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Discovery of New Mineral, Krotite, in a CAI

Reflected light photograph of krotite-rich CAI in NWA 1934.
The first natural occurrence of a low-pressure CaAl2O4 mineral has been found in a refractory inclusion in a carbonaceous chondrite meteorite, as reported in the May/June 2011 issue of American Mineralogist. The discovery was led by Harold C. Connolly, Jr. of Kingsborough Community College of CUNY, the American Museum of Natural History in New York, and University of Arizona. While synthetic low-pressure and high-pressure CaAl2O4 phases are well known in the field of materials science, only the high-pressure polymorph had been identified previously in nature (in another chondrite). Quantitative elemental microanalysis of the new mineral using the electron microprobe resulted in an empirical formula (based on four oxygens) of Ca 1.02Al1.99O4. It is now officially approved by the Commission on New Minerals, Nomenclature, and Classification of the International Mineralogical Association as krotite. The mineral's name honors Dr. Alexander N. Krot, a University of Hawai‘i researcher known for his achievements in meteoritics, especially for studies of the formation of calcium-aluminum-rich inclusions (CAIs) and chondrules, and his significant contributions to the understanding of early Solar System processes. Dr. Krot is also a 2004 recipient of the University of Hawai‘i Regents' Medal for excellence in research and a friend of PSRD.
Dr. Alexander N. Krot, cosmochemist at University of Hawaii.

Krotite is the dominant mineral in the central and mantle areas of an unusual CAI in the NWA 1934 carbonaceous chondrite [Data link from the Meteoritical Bulletin]. The 2.75 mm x 4.5 mm inclusion is composed mainly of aggregates of (colorless and transparent) krotite crystals, with a few other calcium-aluminum or magnesium-aluminum oxides and a few silicates in a thin rim of concentric layers. Cracks, mainly filled with iron and aluminum hydroxides, crosscut the CAI's rim and parts of its interior giving it a "cracked egg" appearance. The CAI itself is surrounded by a matrix of mostly fine-grained olivine.

The discovery team suggests formation in a highly refractory condensate/evaporative environment in the cooling nebular gas. They say that the primary mineral assemblage in this CAI was introduced into a hot gas, which did not melt the CAI but perhaps reacted with surficial krotite crystals to produce the observed layered rim. The cracks may have been caused by compaction during accretion of the parent body, but the meteorite as a whole is essentially unshocked. A final, probably terrestrial, alteration process most likely filled the cracks with hydrated oxides during exposure to the northwest African environment. This CAI, along with its new mineral, krotite, will be the subject of additional research to determine formation and cosmochemical details. Because CAIs were the first solids formed in the solar nebula about 4.6 billion years ago, they help cosmochemists piece together records of nebular and early Solar System processes and how the first solid building blocks eventually turned into asteroids and planets.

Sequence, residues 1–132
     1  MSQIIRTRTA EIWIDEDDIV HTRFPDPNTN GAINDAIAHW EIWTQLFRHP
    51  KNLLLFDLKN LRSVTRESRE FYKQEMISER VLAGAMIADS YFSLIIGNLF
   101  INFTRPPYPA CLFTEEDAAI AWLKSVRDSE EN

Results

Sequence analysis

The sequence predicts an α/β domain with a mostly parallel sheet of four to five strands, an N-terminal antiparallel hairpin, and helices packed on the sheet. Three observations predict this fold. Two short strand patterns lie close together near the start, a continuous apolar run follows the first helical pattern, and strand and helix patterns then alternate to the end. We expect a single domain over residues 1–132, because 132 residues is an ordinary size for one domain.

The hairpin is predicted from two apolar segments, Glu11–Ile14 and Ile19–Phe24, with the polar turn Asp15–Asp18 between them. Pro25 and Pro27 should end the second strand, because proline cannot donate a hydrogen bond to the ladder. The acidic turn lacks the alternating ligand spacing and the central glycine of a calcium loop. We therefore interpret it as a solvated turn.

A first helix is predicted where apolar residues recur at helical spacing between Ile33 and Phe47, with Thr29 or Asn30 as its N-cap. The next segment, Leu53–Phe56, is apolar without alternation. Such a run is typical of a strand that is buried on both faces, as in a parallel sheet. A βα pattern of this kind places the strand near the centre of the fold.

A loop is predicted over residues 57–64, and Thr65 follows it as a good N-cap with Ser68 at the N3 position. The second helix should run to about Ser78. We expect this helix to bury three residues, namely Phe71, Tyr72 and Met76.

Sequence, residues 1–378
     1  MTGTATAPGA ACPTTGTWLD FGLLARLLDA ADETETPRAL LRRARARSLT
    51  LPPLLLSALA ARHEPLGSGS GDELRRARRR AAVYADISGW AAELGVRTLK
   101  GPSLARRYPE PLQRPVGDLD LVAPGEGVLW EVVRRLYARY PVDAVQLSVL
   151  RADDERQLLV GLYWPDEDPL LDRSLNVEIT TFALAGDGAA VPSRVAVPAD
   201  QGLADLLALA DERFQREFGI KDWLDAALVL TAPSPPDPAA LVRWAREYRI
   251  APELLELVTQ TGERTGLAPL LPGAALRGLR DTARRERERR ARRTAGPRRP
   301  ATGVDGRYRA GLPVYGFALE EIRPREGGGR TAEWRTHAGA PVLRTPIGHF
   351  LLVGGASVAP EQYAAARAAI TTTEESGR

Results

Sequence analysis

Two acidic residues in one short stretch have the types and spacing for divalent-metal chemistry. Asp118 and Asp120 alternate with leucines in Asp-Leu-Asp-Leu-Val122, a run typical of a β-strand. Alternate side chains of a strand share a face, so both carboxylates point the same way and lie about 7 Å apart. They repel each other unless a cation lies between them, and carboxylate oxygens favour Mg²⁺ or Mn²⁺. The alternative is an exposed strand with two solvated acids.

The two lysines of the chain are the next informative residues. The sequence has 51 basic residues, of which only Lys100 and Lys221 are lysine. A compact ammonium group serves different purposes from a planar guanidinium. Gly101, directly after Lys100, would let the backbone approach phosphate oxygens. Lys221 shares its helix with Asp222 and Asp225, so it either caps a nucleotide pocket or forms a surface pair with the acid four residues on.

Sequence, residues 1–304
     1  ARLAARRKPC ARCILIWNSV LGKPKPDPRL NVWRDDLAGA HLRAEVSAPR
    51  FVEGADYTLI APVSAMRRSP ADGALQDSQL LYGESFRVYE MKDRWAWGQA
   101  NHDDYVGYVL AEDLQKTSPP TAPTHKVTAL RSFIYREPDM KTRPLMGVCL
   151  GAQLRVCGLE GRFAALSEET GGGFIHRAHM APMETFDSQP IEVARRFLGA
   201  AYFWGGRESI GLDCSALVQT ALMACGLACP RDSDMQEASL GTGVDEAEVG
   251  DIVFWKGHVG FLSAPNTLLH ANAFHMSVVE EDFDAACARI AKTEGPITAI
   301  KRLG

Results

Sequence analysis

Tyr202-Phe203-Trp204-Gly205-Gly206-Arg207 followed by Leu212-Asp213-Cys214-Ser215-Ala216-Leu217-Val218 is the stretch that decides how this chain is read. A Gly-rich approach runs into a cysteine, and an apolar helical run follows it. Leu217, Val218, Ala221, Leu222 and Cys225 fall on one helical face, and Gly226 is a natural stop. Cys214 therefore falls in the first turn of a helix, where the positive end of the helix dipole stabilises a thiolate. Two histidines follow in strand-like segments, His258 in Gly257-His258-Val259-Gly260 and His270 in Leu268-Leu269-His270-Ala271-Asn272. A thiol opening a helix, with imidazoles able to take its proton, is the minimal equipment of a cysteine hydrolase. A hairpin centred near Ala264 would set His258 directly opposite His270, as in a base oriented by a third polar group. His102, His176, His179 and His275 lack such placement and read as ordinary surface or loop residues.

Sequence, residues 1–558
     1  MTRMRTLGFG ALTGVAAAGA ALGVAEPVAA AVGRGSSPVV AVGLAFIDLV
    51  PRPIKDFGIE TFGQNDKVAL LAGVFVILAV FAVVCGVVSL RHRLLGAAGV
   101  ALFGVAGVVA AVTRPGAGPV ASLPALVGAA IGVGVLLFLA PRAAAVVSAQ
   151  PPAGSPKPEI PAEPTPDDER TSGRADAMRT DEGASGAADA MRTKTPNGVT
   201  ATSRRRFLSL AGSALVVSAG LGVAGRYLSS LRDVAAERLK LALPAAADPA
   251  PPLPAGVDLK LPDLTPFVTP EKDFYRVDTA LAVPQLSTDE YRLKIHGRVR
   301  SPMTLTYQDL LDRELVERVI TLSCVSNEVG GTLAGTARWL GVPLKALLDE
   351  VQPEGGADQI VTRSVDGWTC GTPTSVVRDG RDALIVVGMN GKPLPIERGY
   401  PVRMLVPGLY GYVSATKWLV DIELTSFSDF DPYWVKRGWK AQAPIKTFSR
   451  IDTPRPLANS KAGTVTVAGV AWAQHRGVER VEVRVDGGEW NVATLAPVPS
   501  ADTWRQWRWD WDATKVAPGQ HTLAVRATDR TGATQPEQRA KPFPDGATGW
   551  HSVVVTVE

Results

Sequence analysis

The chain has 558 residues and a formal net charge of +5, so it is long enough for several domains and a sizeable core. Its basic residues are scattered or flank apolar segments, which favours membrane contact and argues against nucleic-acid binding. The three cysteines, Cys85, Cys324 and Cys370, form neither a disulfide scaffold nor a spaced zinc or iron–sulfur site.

pdf link, Discovery of New Mineral, Krotite, in a CAI (pdf version)

     Ma, C., Kampf, A. R., Connolly, Jr., H. C., Beckett, J. R., Rossman, G. R., Sweeney Smith, S. A., and Schrader, D. L. (2011) Krotite, CaAl2O4, A New Refractory Mineral from the NWA 1934 Meteorite, American Mineralogist, v. 96, p. 709-715. doi:10.2138/am.2011.3693.
     Ma, C., Kampf, A. R., Connolly, Jr., H. C., Beckett, J. R., Rossman, G. R., Sweeney Smith, S. A. and Schrader, D. L. (2010) Krotite, IMA 2010-038. CNMNC Newsletter, October 2010, page 901; Mineralogical Magazine, v. 74, p. 899-902. [ pdf link ]
     and the PSRD article Dating the Earliest Solids in our Solar System.

Written by Linda Martel, Hawai‘i Institute of Geophysics and Planetology, for PSRD.

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May 2011